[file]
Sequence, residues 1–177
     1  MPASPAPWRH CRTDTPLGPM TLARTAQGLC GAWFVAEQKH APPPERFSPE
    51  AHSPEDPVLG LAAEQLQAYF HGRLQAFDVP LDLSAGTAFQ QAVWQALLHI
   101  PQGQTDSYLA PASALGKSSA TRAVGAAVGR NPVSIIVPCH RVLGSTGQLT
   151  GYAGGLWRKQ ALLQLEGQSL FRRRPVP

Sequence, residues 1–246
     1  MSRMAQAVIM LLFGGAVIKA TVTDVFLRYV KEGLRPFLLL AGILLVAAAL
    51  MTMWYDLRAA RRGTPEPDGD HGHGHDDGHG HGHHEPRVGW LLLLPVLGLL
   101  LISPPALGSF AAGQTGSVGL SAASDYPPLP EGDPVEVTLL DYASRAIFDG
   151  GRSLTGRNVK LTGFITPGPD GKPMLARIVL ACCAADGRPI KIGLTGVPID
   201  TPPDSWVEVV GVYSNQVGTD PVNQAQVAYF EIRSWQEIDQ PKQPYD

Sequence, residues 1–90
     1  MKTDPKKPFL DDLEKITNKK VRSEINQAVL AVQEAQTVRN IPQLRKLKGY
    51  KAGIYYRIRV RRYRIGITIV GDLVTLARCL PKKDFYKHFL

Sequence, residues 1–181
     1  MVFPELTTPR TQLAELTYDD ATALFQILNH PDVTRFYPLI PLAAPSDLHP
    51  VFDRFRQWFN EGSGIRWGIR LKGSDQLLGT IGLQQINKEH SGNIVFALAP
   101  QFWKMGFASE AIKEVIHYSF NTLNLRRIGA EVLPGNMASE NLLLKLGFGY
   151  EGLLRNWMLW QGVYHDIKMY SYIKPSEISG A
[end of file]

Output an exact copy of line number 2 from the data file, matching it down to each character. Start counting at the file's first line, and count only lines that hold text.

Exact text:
     1  MPASPAPWRH CRTDTPLGPM TLARTAQGLC GAWFVAEQKH APPPERFSPE